Rosa Belle Eaddy Woodberry Dickson

Rosa Belle Eaddy Woodberry Dickson

Belle Dickson (1868-1953)

Old Johnsonville School students and faculty

Old Johnsonville teachers and pupils. Belle Woodberry is standing far right.

Rosa Belle Eaddy Woodberry Dickson

Rosa Belle Eaddy was a role model of the independent female who lived in the area of Johnsonville, South Carolina area between 1868 and 1953. She was a truly a person of exceptional ability and especially so for the time in which she lived. This multi-talented woman chose to be a school teacher and thus became another of the Eaddy family to make her most valuable contribution in development of the youth of her community.

At Old Johnsonville where many of her students remembered her, Rosa Belle Eaddy was a principal, teacher, pianist, music director, and reformer. The school was located between Hemingway and Johnsonville. She held radical views for her time and place.  One former pupil remembers the hubbub created when she banished the common drinking dipper that passed from mouth to mouth, spreading epidemics of colds, diphtheria, measles, and worse.  She had each child furnish his own drinking vessel.  To the average parent this was inexplicable; at home most families shared a hollowed out gourd at the old wooden bucket.  Time has proved her correct and added to the respect held for her by those who knew her.

A strong and forceful woman, she was profoundly respected. Once a mischievous boy, according to a former student, cropped off half of her horse's tail. Although much larger than his teacher, he stood docilely while she assaulted him with her buggy whip.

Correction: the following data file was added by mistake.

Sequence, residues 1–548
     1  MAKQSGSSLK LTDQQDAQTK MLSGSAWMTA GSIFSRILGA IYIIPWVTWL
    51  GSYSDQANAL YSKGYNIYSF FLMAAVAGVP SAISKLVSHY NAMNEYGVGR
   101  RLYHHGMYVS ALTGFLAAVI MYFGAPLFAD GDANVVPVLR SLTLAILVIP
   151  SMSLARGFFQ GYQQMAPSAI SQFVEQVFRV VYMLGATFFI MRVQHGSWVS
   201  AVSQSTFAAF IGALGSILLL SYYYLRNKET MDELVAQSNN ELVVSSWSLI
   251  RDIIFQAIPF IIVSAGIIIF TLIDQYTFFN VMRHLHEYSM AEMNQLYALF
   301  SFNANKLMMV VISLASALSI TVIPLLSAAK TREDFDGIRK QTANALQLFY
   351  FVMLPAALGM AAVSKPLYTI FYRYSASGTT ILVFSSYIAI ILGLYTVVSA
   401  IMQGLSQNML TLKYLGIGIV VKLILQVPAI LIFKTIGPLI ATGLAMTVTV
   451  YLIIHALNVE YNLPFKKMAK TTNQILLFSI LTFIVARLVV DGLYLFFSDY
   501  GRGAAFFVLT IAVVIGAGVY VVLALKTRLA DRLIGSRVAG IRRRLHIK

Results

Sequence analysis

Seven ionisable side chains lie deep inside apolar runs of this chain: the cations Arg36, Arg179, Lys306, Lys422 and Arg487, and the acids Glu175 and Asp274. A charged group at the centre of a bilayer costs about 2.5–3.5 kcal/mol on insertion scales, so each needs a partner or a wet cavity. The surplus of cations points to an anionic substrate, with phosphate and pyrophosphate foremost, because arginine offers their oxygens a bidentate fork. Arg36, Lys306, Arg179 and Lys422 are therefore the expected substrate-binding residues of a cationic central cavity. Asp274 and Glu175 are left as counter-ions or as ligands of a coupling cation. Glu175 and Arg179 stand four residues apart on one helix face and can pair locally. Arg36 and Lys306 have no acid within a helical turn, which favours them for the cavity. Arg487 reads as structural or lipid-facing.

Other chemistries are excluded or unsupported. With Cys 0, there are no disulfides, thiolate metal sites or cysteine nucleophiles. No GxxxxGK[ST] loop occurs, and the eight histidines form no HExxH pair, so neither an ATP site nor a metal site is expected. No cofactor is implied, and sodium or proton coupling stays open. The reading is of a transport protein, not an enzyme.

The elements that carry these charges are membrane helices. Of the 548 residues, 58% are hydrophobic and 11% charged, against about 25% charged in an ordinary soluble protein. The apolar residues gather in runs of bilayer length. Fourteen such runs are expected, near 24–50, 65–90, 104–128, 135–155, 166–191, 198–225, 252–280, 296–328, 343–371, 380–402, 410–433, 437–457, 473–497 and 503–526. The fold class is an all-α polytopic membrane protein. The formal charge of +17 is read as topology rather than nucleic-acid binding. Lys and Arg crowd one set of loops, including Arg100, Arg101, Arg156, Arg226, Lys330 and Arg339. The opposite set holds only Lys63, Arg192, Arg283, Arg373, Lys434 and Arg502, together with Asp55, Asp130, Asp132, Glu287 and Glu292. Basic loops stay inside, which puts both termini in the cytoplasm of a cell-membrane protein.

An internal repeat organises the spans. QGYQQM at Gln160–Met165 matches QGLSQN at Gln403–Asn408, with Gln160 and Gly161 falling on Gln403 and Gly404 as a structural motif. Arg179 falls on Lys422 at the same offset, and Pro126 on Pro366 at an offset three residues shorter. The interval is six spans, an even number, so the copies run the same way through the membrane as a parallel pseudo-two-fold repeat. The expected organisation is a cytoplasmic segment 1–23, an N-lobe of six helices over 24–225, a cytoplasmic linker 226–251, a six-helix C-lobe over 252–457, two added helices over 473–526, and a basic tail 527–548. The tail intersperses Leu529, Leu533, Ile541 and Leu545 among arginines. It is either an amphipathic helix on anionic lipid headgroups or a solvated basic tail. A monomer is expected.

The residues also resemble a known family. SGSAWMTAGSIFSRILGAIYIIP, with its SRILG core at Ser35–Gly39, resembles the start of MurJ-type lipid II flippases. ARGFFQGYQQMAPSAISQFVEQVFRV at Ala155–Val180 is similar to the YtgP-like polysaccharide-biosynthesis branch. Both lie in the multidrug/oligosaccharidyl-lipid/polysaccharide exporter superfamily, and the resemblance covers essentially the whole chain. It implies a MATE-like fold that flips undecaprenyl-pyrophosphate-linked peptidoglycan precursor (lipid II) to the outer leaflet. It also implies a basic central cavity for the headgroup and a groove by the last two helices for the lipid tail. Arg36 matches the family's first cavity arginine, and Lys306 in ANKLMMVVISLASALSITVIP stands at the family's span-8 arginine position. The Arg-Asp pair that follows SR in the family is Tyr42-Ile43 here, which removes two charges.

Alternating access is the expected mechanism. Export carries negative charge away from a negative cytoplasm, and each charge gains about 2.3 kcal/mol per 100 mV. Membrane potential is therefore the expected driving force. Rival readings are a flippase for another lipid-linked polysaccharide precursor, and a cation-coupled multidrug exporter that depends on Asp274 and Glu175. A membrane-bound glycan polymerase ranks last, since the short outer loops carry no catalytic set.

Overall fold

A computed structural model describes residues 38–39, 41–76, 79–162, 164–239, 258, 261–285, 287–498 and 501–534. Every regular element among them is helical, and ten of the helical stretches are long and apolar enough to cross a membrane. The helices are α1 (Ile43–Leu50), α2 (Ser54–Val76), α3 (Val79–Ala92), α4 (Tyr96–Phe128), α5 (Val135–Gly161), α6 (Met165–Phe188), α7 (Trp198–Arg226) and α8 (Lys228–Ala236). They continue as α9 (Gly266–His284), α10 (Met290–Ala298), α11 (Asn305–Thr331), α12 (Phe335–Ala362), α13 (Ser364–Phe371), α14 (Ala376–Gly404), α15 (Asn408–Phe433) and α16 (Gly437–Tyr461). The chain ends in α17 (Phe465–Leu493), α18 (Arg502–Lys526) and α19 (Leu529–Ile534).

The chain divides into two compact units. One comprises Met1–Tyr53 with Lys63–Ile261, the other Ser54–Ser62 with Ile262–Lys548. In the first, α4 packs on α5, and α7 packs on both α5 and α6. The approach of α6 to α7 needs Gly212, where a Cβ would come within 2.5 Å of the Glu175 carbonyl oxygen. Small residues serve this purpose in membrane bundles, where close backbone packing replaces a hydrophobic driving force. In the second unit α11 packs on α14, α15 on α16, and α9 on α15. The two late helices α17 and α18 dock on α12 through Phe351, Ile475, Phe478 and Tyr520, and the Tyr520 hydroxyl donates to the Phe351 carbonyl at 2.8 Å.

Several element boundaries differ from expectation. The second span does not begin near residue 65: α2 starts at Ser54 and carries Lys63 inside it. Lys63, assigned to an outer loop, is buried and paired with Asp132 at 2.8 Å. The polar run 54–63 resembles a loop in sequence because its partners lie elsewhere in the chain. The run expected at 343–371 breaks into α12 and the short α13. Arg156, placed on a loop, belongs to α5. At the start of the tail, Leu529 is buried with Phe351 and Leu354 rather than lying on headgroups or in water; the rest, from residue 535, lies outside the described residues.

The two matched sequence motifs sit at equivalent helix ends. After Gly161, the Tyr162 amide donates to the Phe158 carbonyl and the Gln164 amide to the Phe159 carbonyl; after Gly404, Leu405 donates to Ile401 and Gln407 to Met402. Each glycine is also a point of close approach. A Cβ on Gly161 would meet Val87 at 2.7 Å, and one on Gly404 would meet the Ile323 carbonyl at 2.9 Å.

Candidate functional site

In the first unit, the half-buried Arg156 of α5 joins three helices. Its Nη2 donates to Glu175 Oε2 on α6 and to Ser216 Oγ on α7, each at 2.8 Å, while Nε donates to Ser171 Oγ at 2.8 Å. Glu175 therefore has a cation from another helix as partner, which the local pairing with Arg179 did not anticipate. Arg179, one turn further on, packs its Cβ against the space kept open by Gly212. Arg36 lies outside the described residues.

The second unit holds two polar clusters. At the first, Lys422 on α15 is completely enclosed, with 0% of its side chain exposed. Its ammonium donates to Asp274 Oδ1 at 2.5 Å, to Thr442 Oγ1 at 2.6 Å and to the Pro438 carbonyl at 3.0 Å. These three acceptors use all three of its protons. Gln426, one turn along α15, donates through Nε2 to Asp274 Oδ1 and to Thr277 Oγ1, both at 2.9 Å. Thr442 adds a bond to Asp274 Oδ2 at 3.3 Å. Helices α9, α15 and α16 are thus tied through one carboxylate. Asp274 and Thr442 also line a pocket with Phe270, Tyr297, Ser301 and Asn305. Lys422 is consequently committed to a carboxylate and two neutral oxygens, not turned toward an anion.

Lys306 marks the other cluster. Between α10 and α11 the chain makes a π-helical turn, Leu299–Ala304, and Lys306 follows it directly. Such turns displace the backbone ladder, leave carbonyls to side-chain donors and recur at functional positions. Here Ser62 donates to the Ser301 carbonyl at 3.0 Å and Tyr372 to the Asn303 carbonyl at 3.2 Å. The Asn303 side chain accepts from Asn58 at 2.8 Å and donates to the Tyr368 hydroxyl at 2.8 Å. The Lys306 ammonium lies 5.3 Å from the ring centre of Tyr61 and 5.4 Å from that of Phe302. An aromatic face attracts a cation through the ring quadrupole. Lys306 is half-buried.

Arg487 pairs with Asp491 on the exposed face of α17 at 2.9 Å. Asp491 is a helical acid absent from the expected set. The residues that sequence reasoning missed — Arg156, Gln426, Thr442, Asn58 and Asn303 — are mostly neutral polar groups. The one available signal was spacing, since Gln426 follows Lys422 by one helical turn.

"She was a dramatic teacher," said another former pupil. "She could hold us spellbound. I remember that as World War I was approaching, she came into the classroom one morning and advanced toward us. 'Children,' she announced, 'war clouds are hanging over America this morning!' Cold chills ran down our spines."
 
"Even her Sunday School lessons were always exciting!" said another. "They were so vivid that we seemed to be there, right where the action was."
 
With the help of boys who held boards steady while she sawed and hammered, she built her own house. She could, and did, shoe her own horses. Furthermore, according to many who lived in Johnsonville all their lives, she became the first woman mayor in South Carolina and was perfectly capable of making an arrest.
 
Whether she espoused women's lib before the phrase was coined, one cannot know. However, she did not take for granted her services as cook and housekeeper. It is said that she charged her second husband board.

Rosa Belle Eaddy first married Wattie Gamewell Woodberry, I. with whom, she bore a family of four sons and one daughter. Two of of her sons became graduates of the U. S. Military Academy, and both were inventors of and holders of numerous patents. After the death of her first husband, she married R.B.W. "Willie" Dickson. No children were born to this marriage.

At the age of 85 years, she died in Lynchburg, South Carolina and was survived by three of her sons: Brigadier General John Henry Woodberry of Greenville, South Carolina; Clarence Oswell Woodberry of Poston, near Johnsonville, South Carolina; and Lieutenant Colonel David Lemuel
Woodberry, I. of St. Petersburg, Virginia. One brother, John Mallard Eaddy of Spartanburg, South Carolina survived her passing.

Information gathered from The Promised Land : the James Eaddy family in South Carolina, Elaine Y. Eaddy